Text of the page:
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ERIC Number: ED311568
Record Type: Non-Journal
Publication Date: 1989-Sep
Pages: 74
Abstractor: N/A
Reference Count: N/A
Course-Taking Patterns in the 1980s.
Goertz, Margaret E.
In response to criticism aimed at the quality and effectiveness of American schools, especially in the areas of mathematics and science where American students were found to take considerably fewer courses than their foreign counterparts, most states raised course work requirements for high school graduation. To examine the effects of the state policy changes and the relationship between course-taking and student characteristics, data collected on eleventh grade students by the 1983-84 National Assessment of Education Progress (NAEP) were analyzed. Results indicate that course-taking varies by racial/ethnic group and by level of parental education. White and nonlanguage minority Asian students whose parents had some postsecondary education are more likely to take college-preparatory mathematics and advanced science courses than are students of other racial/ethnic groups or students from families with less formal education. Data from the 1985-86 NAEP and from questionnaires completed by students who took the College Board Scholastic Aptitude Test show that, between 1982 and 1984, significant increases occurred in the percentage of students taking all levels of college preparatory mathematics and science courses; few changes were noted in mathematics and science course-taking, with the exception of biology, between 1984 and 1986. (30 references) (KM)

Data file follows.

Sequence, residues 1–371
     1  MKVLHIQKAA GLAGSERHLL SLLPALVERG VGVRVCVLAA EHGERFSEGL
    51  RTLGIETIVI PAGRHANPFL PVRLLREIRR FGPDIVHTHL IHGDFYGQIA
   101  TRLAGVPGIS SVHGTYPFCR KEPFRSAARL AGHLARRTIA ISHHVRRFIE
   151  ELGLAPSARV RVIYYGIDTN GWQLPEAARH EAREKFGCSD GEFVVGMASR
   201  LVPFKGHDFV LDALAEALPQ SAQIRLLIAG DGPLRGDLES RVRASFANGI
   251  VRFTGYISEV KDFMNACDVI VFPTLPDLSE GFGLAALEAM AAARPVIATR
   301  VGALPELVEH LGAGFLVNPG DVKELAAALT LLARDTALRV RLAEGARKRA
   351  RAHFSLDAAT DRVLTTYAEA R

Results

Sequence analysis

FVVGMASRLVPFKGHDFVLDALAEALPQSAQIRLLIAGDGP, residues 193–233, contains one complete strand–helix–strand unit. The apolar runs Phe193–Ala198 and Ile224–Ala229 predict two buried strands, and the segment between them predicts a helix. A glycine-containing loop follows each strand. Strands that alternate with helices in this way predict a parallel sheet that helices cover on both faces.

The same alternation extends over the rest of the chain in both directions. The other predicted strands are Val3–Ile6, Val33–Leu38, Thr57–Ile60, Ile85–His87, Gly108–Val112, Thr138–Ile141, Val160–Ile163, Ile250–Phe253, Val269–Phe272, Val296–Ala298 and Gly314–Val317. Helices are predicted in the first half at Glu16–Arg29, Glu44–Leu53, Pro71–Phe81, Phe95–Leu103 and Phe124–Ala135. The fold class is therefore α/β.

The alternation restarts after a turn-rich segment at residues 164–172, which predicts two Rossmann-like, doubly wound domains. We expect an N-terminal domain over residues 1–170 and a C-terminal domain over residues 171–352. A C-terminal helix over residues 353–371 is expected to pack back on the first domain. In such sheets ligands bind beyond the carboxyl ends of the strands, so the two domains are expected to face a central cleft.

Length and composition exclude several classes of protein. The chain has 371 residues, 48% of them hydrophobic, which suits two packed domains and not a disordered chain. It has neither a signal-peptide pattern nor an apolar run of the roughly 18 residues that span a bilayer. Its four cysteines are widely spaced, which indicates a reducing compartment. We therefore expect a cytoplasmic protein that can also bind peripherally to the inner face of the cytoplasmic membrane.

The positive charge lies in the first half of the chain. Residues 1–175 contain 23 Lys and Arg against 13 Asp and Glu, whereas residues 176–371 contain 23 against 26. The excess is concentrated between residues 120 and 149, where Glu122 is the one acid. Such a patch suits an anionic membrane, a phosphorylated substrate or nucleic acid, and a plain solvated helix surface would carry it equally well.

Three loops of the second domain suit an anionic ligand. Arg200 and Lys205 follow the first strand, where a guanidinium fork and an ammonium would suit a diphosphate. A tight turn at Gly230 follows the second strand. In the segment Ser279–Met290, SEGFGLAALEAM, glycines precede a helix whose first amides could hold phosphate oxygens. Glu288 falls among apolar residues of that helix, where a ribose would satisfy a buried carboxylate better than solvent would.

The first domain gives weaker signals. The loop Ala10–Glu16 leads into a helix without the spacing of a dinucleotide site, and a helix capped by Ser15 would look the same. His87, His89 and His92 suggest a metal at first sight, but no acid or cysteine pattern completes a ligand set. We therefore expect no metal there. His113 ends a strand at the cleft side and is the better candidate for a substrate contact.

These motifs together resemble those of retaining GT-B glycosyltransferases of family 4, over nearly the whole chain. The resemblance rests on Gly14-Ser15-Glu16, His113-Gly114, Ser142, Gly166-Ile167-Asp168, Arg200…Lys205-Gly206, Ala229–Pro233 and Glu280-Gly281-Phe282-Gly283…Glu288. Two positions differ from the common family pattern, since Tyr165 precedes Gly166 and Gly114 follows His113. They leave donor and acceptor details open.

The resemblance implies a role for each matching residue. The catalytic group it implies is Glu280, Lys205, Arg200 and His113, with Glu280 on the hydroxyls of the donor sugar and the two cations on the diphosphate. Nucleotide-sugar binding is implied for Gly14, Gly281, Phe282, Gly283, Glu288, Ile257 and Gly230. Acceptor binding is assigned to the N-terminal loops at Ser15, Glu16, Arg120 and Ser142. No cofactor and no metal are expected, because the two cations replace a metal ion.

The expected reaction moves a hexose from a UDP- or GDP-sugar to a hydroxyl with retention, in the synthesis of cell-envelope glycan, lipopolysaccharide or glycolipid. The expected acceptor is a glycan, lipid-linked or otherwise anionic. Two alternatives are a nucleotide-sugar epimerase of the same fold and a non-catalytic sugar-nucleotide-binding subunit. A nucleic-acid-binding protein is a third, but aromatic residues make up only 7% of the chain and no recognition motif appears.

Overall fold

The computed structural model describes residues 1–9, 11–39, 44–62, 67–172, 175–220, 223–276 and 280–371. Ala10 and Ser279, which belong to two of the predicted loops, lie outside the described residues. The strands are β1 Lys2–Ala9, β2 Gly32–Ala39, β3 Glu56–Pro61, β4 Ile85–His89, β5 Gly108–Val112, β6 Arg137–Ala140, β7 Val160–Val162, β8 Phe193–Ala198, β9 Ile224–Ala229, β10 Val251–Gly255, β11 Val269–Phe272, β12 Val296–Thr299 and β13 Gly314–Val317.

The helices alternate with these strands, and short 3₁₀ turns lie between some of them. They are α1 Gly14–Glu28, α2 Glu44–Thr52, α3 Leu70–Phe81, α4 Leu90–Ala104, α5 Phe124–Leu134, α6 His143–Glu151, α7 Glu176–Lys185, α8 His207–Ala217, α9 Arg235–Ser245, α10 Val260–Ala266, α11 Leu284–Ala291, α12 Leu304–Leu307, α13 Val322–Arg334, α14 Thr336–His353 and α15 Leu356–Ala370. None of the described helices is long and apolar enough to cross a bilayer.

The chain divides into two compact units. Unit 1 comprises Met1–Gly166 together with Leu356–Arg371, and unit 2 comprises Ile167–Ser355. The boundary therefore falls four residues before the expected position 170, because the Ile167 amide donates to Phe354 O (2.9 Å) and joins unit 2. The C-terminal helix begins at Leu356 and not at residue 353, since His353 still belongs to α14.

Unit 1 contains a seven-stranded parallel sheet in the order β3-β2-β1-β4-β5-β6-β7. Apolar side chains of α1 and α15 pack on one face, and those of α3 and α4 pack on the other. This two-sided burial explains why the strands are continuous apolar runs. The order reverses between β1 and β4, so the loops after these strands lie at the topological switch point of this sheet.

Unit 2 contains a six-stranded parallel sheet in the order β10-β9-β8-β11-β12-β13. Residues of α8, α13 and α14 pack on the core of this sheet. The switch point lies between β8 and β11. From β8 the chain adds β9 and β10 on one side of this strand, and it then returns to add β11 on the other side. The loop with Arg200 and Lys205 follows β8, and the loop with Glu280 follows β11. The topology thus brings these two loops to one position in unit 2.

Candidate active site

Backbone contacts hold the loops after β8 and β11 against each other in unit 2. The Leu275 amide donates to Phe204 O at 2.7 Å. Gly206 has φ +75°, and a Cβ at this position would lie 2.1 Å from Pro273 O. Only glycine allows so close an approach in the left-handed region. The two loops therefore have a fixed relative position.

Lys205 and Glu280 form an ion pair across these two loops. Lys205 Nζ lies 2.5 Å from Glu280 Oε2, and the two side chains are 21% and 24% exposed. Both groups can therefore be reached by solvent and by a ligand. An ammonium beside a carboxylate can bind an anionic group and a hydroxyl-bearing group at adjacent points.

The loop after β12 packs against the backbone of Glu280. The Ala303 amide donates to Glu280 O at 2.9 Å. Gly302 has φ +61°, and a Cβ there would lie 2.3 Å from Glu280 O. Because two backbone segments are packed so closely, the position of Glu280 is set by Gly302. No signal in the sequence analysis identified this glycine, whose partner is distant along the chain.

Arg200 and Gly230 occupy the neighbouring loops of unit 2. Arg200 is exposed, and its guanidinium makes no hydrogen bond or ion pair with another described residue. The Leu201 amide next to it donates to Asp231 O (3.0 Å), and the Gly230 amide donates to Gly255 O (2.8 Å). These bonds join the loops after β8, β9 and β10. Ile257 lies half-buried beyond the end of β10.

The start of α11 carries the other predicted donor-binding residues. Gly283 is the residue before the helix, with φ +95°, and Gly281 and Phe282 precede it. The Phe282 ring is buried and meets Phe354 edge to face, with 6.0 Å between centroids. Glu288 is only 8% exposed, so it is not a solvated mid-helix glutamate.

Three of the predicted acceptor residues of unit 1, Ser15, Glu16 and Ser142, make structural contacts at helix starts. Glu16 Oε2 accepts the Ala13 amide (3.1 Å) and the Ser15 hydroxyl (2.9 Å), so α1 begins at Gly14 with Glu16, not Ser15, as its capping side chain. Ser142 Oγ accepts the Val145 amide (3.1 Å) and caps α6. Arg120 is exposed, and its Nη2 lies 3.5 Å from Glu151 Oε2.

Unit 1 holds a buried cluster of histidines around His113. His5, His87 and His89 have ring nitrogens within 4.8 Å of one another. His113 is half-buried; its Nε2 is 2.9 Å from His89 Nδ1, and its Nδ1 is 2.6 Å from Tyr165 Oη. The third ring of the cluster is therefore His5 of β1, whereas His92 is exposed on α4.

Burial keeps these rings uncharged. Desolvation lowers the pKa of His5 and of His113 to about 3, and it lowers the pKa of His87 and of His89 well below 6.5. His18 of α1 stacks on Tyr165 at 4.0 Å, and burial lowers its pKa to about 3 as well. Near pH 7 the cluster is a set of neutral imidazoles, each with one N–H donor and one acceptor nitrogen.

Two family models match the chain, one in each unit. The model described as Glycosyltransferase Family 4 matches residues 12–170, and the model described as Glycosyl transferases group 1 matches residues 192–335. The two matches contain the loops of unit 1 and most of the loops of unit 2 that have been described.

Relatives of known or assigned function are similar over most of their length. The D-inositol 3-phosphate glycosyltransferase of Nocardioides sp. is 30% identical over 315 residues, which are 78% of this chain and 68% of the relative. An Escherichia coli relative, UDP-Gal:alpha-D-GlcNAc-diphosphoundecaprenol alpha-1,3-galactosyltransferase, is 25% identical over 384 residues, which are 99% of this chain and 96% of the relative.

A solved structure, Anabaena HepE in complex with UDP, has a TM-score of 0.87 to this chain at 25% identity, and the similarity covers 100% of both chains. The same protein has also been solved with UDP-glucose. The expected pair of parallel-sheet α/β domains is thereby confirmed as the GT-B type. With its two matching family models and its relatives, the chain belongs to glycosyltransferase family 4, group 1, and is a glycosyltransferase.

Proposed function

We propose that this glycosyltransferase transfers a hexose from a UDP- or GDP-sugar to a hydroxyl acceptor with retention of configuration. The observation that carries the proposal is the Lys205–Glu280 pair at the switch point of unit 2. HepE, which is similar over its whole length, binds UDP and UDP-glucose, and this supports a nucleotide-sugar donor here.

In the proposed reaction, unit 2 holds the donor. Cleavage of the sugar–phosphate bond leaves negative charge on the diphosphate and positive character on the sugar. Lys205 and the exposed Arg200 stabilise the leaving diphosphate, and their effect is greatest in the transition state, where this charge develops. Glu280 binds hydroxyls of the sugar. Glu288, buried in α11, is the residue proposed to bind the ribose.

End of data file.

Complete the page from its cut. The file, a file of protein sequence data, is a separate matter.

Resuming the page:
Publications, Center for Policy Research in Education, Eagleton Institute of Politics, Rutgers, The State University of New Jersey, New Brunswick, NJ 08901 ($7.00 postpaid; quantity discounts).
Publication Type: Reports - Research
Education Level: N/A
Audience: N/A
Language: English
Sponsor: Office of Educational Research and Improvement (ED), Washington, DC.
Authoring Institution: Center for Policy Research in Education.
Identifiers - Assessments and Surveys: National Assessment of Educational Progress